Fire is the disaster that no one believes will happen to them, especially in cars. Yet fire issues do exist and have the potential to inflict life changing consequences on one’s health, financial security, and quality of life. According to NFPA, “On average, 17 automobile fires were reported per hour. These fires killed an average of four people every week.

While the Center for Disease Control and Prevention (CDC) claims that 85% of U.S. fire fatalities in 2009 occurred in house fires, the National Fire Protection Association (NFPA) states that car fires were involved in 10% of all reported fire and 6% of all fire fatalities. Becoming familiar with how car fires can be avoided can help to decrease this national statistic and better ensure safety for all motorists.

When Does Car Combustion Happen?

Mechanical Malfunction

When you think about it, there are many factors that put cars at risk for combustion. NFPA states, “most car fluids are flammable. Heat and electrical sparks plus leaking fluid are all it takes to start a car fire.” Although these elements are necessary to have a functional car, mechanical malfunction can put a driver at risk.

According to the NFPA,

mechanical or electrical failures or malfunctions were factors in roughly two-thirds of the automobile fires.”

Though not all car combustion accidents occur because of mechanical malfunction, the ones that do, are—the vast majority of the time—preventable. Consequently, it is imperative for drivers to have their car checked by a mechanic regularly.

NFPA has provided a list of signs that can indicate vehicle fire hazards:

  • Cracked or loose wiring or electrical problems, including a fuse that blows more than once
  • Oil or fluid leaks
  • Oil cap not on securely
  • Rapid changes in fuel or fluid level, or engine temperature

If your vehicle has any of these problems, it is recommended that you schedule an appointment with your mechanic right away.

Though visits to the mechanic may feel like an expense that can be postponed, jeopardizing safety is a risk that no one can afford to take. In addition to avoiding combustion, seeing a mechanic will highly increase the functionality and responsiveness of your car which make a difference to your safety while you are driving on the road. This action will prevent potential accidents which could be caused by negligent maintenance.

Collisions

The risk of a car catching fire after a collision is relatively low, yet such are among the most lethal of car fires. According to NFPA‘s 2006-2010 study, “collisions and overturns were factors in only 4% of highway vehicle fires, but these incidents accounted for three of every five (60%) automobile fire deaths.”

Fires that result from car accidents are very lethal because of the injury and car damage which may prevent individuals from leaving the car. In this case, NFPA recommends that individuals turn off the ignition, exit the car, remain 100 feet from the burning car, and do not return for anything. Again, these fires are usually very rare. Because most accidents do not result in fire, it is suggested that injured passengers not be moved without emergency assistance unless there is certainty of fire.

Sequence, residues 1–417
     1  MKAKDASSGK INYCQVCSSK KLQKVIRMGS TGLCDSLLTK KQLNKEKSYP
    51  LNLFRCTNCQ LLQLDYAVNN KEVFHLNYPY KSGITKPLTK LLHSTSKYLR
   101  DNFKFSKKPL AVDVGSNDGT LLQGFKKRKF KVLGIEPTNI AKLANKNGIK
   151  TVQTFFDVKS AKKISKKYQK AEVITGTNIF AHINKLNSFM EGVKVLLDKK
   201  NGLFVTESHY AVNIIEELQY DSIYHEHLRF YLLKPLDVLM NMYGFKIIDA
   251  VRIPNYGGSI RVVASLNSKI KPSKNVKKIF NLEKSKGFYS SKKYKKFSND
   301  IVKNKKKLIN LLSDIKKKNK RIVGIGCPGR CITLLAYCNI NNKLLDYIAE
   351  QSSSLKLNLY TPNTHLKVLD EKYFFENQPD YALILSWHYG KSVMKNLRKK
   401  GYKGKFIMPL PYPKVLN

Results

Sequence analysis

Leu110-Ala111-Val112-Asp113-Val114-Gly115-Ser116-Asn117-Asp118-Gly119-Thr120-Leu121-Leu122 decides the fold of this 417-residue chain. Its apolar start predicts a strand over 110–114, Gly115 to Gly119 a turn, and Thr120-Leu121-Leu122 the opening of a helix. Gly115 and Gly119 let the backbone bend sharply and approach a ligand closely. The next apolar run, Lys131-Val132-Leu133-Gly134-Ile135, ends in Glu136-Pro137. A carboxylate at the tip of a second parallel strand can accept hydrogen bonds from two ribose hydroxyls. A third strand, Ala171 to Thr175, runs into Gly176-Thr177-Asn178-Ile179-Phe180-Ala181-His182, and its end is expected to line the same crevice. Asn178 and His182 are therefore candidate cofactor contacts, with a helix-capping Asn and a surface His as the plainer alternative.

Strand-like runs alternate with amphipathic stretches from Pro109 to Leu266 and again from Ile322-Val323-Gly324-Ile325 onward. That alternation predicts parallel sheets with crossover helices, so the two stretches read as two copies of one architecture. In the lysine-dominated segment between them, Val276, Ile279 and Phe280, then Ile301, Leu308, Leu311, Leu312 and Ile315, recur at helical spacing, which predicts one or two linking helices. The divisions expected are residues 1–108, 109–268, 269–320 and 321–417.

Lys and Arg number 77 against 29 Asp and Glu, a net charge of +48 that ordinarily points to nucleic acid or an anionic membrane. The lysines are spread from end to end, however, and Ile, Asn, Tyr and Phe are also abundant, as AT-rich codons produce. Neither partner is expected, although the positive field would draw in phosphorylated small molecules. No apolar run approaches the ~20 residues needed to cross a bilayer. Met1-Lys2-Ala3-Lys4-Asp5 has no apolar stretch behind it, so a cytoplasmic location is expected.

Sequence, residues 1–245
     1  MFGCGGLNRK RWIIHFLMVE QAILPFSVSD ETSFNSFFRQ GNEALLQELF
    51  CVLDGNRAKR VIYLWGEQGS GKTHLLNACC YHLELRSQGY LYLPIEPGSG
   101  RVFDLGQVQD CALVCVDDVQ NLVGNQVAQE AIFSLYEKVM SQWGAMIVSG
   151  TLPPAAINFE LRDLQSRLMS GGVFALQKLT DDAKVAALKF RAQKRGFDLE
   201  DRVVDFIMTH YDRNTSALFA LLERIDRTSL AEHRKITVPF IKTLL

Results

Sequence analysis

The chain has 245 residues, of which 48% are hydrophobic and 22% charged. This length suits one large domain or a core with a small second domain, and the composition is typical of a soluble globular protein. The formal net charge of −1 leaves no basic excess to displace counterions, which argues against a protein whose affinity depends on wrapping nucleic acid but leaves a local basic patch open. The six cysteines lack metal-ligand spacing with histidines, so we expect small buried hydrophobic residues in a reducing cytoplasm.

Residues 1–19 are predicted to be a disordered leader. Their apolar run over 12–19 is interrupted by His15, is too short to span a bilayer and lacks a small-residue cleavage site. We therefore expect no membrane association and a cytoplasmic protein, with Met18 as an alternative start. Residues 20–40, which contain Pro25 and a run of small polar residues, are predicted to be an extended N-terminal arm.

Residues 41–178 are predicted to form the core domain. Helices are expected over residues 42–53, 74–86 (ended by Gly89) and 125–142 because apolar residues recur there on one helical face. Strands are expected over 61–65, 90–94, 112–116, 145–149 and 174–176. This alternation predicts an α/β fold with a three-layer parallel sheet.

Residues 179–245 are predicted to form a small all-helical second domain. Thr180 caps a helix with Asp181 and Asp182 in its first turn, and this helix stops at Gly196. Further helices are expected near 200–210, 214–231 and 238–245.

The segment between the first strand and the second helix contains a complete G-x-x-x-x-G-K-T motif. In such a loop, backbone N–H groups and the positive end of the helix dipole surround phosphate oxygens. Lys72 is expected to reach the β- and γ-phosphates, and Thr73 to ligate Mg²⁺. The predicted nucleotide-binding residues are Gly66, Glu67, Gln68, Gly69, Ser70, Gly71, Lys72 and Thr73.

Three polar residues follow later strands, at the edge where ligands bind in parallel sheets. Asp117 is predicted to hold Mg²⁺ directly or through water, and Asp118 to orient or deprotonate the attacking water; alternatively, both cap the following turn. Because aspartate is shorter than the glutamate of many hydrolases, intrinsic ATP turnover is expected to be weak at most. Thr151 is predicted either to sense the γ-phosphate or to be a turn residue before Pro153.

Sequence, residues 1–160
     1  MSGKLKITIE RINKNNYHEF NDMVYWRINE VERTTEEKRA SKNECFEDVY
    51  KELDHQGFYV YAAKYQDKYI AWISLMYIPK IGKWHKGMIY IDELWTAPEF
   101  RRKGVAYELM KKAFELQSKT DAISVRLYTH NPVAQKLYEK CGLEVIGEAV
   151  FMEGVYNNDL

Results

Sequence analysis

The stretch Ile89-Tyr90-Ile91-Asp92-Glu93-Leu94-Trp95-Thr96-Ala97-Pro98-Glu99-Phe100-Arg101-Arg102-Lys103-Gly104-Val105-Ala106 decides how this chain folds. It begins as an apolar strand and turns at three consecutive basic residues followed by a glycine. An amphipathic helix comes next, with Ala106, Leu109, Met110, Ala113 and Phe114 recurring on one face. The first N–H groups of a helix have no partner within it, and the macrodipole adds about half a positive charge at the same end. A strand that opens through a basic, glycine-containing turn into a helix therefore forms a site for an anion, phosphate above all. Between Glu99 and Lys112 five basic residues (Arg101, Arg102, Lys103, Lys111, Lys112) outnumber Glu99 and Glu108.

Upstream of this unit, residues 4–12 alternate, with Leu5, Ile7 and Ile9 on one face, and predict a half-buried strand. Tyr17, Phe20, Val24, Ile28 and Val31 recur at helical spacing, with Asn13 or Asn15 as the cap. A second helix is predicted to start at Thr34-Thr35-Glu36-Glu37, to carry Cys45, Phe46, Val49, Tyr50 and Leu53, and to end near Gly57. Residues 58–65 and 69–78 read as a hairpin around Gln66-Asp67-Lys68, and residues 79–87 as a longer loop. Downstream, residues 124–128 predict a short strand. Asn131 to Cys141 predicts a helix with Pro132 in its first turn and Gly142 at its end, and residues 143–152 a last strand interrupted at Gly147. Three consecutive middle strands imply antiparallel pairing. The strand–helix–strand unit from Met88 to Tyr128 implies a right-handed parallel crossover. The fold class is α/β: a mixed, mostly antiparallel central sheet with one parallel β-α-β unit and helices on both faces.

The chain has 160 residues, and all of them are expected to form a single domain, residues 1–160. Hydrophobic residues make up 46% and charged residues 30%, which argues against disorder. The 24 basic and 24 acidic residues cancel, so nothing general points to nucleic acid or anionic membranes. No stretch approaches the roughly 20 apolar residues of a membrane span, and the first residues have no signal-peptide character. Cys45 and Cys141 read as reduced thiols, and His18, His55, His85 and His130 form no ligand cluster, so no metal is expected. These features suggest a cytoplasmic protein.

Flammable Materials in the Car

Because of the fire risks involved in driving, it is recommended to avoid any open flames within a motor vehicle. If one lights a cigar or cigarette while driving, be sure to properly extinguish it before leaving the car.

Likewise, drivers must exhibit caution while transporting flammable materials, such as gasoline; in the case of an accident, these materials could prove lethal.

Fire Prevention

To avoid car combustion, NFPA suggests the following:

  • Have your car serviced regularly by a professionally trained mechanic. If you spot leaks, your car is not running properly, get it checked. A well-maintained car is less likely to have a fire.
  • If you must transport gasoline, transport only a small amount in a certified gas can that is sealed. Keep a window open for ventilation.
  • Gas cans and propane cylinders should never be transported in the passenger compartment.
  • Never park a car where flammables, such as grass, are touching the catalytic converter.
  • Drive safely to avoid an accident. (NOTE: Most crashes do not result in fire, so unless you see signs of fire, wait for emergency assistance to help any injured individuals out of the car.)

Burn Injuries After a Car Accident

Burn injuries can be among the most devastating to experience. Such injuries can tax upon one’s health, quality of life, financial security, future earnings, and psychological stability. Anyone who is in this situation should have as much help as possible to receive full compensation for their injuries, and if those injuries where sustained by the negligence of another, we might be able to help you.

Our attorneys at Christensen & Hymas make it a personal passion to serve individuals who have been injured. Do not hesitate to ask any questions and see how we can assist you by calling 801-506-0800.

Photo copy right to Tony Webste

Ken Christensen
Partner, Founder at Christensen & Hymas
Ken Christensen is the founding partner of Christensen & Hymas. He is an avid cyclist, loves baseball, and enjoys spending time with his family in the outdoors.

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